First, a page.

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Bush, Gore Post Wins in 2 Western Primaries

March 11, 2000|From Associated Press

DENVER — Democratic Vice President Al Gore and Republican Texas Gov. George W. Bush scored overwhelming victories Friday in Colorado and Utah primary voting.

The two Western primaries, along with GOP county conventions plus a straw poll in Wyoming, are the remnants of a failed attempt to gain clout for Rocky Mountain and Western states in the nomination of presidents. Gov. Mike Leavitt of Utah tried to engineer a nine-state combination, but couldn't.

As the campaign turned out, it would have been too late anyhow, with Republican challenger Sen. John McCain of Arizona and Democrat Bill Bradley both out of the race.

In Colorado and Utah, Gore and Bush won predictable landslides.

McCain and Bradley, the former senator from New Jersey, each stood to gain a handful of delegates since they were awarded in proportion to the popular vote.

With 99% of the Colorado precincts reporting, Bush had 65% of the vote, McCain garnered 27% and Alan Keyes drew 7%. Bush was leading for 28 delegates, McCain for 12.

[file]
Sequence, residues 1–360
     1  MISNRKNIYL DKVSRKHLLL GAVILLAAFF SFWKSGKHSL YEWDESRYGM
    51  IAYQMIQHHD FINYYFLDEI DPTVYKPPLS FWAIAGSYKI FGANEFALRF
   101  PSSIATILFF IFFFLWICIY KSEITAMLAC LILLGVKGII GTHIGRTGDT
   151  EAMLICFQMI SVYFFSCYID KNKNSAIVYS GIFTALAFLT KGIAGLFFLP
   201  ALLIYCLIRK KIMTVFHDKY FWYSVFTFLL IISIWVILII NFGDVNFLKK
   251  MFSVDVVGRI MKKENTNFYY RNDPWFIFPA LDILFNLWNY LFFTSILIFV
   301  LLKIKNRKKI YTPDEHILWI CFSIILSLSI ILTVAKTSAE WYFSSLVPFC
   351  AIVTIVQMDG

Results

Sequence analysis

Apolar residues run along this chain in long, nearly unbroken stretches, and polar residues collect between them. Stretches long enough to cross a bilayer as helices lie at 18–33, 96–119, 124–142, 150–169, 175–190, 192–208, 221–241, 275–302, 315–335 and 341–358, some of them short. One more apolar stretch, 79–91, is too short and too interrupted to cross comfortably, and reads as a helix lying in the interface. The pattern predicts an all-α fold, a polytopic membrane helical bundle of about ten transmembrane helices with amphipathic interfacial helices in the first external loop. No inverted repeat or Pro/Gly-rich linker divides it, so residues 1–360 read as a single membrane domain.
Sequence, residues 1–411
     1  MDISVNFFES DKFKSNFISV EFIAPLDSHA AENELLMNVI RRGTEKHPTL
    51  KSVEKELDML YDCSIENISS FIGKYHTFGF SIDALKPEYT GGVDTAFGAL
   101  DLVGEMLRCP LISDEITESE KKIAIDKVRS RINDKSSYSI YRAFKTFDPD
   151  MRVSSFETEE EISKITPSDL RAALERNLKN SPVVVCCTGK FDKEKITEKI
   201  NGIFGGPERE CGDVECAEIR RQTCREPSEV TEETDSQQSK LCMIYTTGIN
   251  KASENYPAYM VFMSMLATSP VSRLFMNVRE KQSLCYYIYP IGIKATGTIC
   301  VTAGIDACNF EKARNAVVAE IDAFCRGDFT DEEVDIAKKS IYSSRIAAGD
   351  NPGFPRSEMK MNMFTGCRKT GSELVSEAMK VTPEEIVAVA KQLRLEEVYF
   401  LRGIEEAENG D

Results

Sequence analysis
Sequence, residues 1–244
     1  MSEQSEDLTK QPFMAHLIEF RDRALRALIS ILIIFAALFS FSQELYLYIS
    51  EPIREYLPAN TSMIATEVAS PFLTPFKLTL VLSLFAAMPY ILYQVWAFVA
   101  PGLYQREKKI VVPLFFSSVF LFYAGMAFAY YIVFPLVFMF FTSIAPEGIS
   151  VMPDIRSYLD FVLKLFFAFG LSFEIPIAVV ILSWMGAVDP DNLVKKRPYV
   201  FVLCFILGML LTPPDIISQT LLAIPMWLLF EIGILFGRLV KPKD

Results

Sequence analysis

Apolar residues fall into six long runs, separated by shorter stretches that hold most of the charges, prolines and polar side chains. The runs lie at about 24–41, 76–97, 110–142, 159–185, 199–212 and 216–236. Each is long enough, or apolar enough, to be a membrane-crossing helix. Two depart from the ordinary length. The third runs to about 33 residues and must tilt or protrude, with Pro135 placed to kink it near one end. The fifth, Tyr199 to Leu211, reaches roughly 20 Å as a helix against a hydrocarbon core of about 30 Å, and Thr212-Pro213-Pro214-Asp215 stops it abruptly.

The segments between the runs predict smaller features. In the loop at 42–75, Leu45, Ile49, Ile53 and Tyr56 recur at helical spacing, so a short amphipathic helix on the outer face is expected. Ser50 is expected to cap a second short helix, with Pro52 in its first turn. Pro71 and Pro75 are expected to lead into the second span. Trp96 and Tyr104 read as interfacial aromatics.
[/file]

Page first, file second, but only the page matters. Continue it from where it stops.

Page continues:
Gore was polling 71% of the Democratic vote to 24% for Bradley. Gore won 44 Democratic delegates to seven for Bradley.

In Utah, with 87% of precincts reporting, Bush was polling 64%, Keyes 21%, and McCain 14%. Even a distant second place would be Keyes' best outing of the season. Bush got all 29 GOP delegates in Utah.

For the Democrats, Gore had 78% of the vote to Bradley's 22%. Gore won 16 delegates to Bradley's two, with six yet to be allocated.

Keyes, a former diplomat, says he will keep campaigning despite the certainty of Bush's nomination. He said it is a myth that politics should be about winning.

The Wyoming GOP conventions did not bind the 22 delegates there, but there was little doubt they would be Bush's.

Bush went into Friday's primaries with 617 of the 1,034 delegates needed to win the nomination.

Gore had 1,479; it takes 2,170 to install the Democratic nominee.

The primary outcome was forgone before a vote was cast.

Nonetheless, Leavitt said it was worth the effort. "The voice of the West will be heard," the governor, a Bush supporter, said after voting in Salt Lake City.

Few seemed interested. At one Salt Lake City polling place, only five people cast ballots during the first hour and 45 minutes. "Nobody cares," said Clayton Hurst, an election judge.

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